The Big Gay Alphabet Coloring Book (Reach and Teach)
“this coloring book falls flat.”
The Big Gay Alphabet Coloring Book is a mixed bag of fabulous and confusing. Though the authors briefly introduce the coloring book, they don’t explain throughout the pages why each image was chosen for each letter.
Starting with A, which stands for “astrology,” can someone explain why astrology has a connection with homosexuality? The same goes for I, for “ice cream,” and basically all the letters in the alphabet.
Some of the illustrations make sense, like C for “city hall” in which there’s an illustration of a lesbian couple getting married, or R for “rainbow” which has long been the symbol for gay pride.
While author Jacinta Bunnell and illustrator Leela Corman attempt to encourage a greater understanding and acceptance of all those who fit in the GLBTQ acronym, and then some, they fall short, missing the opportunity to give a sentence or two with each illustration the association they made in their minds.
While Ms. Bunnell and Ms. Corman pander to stereotypes with a tongue-in-cheek artistic flair, they do not dispel myths, and only create further confusion. It is possible someone who is well-versed in queer theory, has a solid grasp of the cultural and historical moments in gay history would understand the meaning behind N for “narwhal,” but for the average person, open-minded or not, ally or not, is not going to understand this connection. Being gay or otherwise listed in the GBLTQIAA acronym does not automatically confer understanding of the associations.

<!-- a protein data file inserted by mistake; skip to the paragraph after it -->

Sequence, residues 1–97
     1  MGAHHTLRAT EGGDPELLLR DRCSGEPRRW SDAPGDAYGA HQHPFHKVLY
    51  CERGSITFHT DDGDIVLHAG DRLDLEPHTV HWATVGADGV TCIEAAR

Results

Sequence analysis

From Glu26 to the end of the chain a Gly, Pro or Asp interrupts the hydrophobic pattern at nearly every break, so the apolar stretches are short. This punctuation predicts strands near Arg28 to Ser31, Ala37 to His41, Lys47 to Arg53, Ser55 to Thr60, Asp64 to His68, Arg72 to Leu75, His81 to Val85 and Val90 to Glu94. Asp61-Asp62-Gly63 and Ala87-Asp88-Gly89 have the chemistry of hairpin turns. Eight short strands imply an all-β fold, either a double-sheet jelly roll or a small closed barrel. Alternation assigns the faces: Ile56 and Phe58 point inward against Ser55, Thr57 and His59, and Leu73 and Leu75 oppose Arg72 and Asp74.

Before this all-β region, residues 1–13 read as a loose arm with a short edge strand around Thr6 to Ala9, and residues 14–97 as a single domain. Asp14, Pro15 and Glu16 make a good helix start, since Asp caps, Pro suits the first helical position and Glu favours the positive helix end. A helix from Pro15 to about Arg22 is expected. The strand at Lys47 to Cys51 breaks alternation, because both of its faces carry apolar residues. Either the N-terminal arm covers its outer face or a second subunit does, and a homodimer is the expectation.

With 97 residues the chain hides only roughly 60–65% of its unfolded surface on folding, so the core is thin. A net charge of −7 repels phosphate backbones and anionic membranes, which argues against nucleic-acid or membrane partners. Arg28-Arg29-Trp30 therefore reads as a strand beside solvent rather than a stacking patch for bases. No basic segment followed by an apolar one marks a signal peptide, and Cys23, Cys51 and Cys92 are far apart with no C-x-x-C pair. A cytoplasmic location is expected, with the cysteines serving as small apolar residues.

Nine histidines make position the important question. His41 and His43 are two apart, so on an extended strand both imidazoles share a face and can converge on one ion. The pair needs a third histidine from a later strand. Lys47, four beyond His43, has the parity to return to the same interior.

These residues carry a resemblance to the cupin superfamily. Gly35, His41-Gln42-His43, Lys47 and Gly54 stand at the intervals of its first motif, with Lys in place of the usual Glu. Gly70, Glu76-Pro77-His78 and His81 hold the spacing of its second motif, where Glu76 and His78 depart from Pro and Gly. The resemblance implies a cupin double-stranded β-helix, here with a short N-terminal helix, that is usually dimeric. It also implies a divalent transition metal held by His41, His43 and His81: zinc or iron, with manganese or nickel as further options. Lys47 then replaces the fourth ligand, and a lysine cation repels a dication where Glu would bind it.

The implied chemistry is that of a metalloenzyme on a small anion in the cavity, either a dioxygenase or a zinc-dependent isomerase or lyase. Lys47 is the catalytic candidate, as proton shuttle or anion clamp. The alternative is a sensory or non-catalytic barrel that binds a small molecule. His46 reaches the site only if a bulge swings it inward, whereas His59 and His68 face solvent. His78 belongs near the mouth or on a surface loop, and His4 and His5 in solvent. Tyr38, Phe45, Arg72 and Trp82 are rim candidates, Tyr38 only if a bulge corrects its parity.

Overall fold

With regards to the coloring book as a coloring book, the illustrations are campy, most likely on purpose, but leave a lot to be desired in detail and illustrative strength. This might be an amusing gag gift for someone who understands the associations or a basic coloring book for a child—there is not too much detail—but overall, the book misses the mark, which is a shame.
With the current trend for adult coloring books, this was a golden opportunity to encourage and promote understanding and acceptance through art and fun, but instead this coloring book falls flat.